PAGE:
- by Lottie Atkin
What happens when you find the ideal recipe to fit your ingredients, time limit and cravings – but you have no idea where to start when it comes to breaking down the nutritional values, additives and potentially allergy hazards? What is delicious for some can become seriously dangerous for someone else. Peanuts, shellfish and soya contain one of the fourteen worst allergies, and one of the most frequent triggers for allergies and intolerances. This can become a huge headache for manufacturers, who must therefore specify exactly what is present in their products according to the European packaging laws.
Viennese start up FoodNotify offers a service that does just that, along with labelling recipes accordingly – and all that in just a few clicks. An obligatory product specification is automatically created when you create your recipe and check recipes, and offer solutions for restaurants, catering chains, hotels, retirement homes, school canteens, hospitals and any other industry that wants to make life easier. It’s easy to navigate website is broken down into twelve categories, including– menus that contain allergies, product specification sheet, nutritional values and additives, a recipe database, a menu planner and catering cards with detailed allergies listed. It has several users and locations and is already working alongside wholesale traders Metro and AGM, according to managing director Thomas Promus.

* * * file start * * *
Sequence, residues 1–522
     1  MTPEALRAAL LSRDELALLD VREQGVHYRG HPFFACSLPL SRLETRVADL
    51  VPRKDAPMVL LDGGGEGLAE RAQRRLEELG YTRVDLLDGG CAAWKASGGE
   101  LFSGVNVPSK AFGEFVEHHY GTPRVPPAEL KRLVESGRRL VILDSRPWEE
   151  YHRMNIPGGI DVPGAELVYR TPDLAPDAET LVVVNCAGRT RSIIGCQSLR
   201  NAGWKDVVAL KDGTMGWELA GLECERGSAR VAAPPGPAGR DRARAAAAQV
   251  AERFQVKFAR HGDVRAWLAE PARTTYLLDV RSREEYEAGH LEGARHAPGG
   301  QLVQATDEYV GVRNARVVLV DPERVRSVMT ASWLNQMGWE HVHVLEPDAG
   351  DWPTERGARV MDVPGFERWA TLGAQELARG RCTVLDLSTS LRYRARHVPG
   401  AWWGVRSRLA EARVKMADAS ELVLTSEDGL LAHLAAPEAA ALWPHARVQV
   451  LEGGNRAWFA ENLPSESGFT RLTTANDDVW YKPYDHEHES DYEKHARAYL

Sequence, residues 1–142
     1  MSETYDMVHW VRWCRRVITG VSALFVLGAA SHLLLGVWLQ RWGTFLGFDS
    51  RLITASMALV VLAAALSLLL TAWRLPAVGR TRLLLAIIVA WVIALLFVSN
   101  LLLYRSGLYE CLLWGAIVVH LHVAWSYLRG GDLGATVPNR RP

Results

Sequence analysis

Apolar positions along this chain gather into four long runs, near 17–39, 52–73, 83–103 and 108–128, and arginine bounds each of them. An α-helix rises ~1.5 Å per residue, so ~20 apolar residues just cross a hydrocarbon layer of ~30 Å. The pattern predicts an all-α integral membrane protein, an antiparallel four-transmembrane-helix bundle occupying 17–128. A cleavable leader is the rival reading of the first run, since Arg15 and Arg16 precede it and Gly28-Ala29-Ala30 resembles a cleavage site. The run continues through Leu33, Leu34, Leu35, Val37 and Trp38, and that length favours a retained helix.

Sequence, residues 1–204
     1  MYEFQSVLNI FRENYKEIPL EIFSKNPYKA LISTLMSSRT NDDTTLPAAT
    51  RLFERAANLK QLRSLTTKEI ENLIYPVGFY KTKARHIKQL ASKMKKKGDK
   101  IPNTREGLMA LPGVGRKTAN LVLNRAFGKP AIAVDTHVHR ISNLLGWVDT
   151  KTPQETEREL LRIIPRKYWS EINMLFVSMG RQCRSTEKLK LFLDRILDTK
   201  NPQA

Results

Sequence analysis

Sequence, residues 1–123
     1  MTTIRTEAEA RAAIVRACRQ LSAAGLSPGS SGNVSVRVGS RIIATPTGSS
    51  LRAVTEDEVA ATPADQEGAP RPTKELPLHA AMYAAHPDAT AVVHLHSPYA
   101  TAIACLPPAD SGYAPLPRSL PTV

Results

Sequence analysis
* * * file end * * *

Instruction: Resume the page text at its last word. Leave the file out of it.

Customers can also use the digital service to assemble menus and order ingredients from their wholesaler. The platform is able to calculate the differences between sales and the variable costs of a court, and can translate recipes into over 103 languages. ‘We have systematically supplemented them with further features.’ Promus says. ‘Eight permanent employees are already working for us, including the additional input of freelancers.’
FoodNotify is now active in Austria and Germany, and opened another office in Berlin in January. Almost 7,000 have registered on the website so far – most of them for a test run of five recipes, which was free of charge. The company made 280,000 euros in sales in 2016, and 80,000 euros the year before, according to Primus. ‘So far, we did not want any investment, even a six digit cancelled.’ He says. ‘But now we are looking for a donation of 1 to 1.5 million euros. We want to open up the German market further, and expand into Switzerland and Italy.’
Whether or not the startup will be successful is entirely dependent on it’s users – is this a necessary service, or a waste of money and investment into something that can easily be done without a separate app?